On the whole the writing is technically fine, although the misuse of appendices for appendages when talking about soldiers’ wounds did cause me to giggle. I wouldn’t have been so mean as to mention it, except that Hildyard frequently patronises the reader by explaining the meanings of words or phrases that anyone with a passing interest in history or, indeed, reading would require no help to understand. The sections where she talks about her grandfather read like a rather dull travelogue as they visit real museums and galleries, where she lists and describes the various exhibits. And she frequently throws in irrelevant little factlets as if, because she knows a thing, she’s going to get it in somehow.

“Much of the Society literature boasts about the cattle’s ‘pure white coat’, even though white is a convergence of rays from a whole spectrum of colours, and therefore, in one sense, the most impure.”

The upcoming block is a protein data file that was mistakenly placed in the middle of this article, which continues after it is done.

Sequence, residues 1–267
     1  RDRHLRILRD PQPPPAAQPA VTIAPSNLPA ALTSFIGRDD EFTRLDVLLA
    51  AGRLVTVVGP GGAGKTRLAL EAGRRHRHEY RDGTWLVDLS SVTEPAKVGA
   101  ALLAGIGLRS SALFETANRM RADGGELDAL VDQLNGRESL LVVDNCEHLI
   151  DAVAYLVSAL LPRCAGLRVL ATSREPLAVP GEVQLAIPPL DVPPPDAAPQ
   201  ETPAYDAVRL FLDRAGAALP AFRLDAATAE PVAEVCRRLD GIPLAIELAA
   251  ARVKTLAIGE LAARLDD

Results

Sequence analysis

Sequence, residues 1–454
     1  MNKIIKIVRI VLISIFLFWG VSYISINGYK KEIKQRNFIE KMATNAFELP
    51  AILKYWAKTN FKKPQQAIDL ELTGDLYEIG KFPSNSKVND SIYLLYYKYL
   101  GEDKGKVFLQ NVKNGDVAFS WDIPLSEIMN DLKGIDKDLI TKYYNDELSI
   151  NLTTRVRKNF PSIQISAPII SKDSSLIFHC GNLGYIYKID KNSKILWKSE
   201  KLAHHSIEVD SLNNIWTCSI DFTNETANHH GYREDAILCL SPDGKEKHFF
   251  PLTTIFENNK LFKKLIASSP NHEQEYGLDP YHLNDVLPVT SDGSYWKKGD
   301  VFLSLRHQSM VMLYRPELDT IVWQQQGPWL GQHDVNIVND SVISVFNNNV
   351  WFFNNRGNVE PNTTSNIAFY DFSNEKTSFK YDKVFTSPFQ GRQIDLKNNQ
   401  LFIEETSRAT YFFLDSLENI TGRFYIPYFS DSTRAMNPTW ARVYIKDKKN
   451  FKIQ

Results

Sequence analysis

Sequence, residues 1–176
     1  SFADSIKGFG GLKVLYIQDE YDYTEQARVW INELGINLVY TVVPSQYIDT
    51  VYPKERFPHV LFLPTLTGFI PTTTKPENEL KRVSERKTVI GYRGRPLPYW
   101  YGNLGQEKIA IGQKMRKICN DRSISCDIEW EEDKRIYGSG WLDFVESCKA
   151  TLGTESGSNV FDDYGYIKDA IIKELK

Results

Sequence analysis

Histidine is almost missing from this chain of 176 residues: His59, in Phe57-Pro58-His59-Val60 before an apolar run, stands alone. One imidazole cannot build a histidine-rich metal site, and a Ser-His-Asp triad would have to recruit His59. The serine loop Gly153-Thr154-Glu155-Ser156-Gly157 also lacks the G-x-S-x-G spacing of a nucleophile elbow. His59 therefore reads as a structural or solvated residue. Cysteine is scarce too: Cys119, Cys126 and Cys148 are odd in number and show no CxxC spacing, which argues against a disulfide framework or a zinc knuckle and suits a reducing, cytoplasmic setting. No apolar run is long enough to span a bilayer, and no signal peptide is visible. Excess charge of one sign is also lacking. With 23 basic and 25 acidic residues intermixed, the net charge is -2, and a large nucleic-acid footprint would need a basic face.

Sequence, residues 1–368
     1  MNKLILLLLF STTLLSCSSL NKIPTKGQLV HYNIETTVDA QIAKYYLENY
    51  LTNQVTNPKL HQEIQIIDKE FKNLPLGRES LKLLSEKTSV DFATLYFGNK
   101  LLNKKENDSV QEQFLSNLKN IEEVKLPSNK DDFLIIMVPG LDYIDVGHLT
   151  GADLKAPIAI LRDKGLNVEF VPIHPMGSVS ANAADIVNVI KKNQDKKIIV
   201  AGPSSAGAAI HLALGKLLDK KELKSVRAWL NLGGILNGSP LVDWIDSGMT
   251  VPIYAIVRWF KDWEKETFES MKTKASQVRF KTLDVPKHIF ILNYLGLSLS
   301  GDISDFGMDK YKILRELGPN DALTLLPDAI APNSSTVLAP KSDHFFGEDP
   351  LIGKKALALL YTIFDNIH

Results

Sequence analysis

The book has no emotional heart to it and no real narrative drive. I suspect the author was trying to make the point that the telling of history is always affected by the filter of the historian but, if that is the book’s purpose, then it’s hardly a new thought nor is the point particularly well made. While it’s well enough written in a technical sense and even moderately interesting in parts, overall I’m afraid I can’t recommend this one.

NB This book was provided for review by the publisher.

Amazon UK Link
Amazon US Link

27 thoughts on “Hunters in the Snow by Daisy Hildyard

  1. Oh, dear! Patronising the reader and re-told history? *Sigh* And the premise – finding old papers – is such an interesting one. Well, I think I’ll give this one a miss….

  2. Well,that’s several valuable hours of my life you’ve saved me from wasting – sounds like a stinker!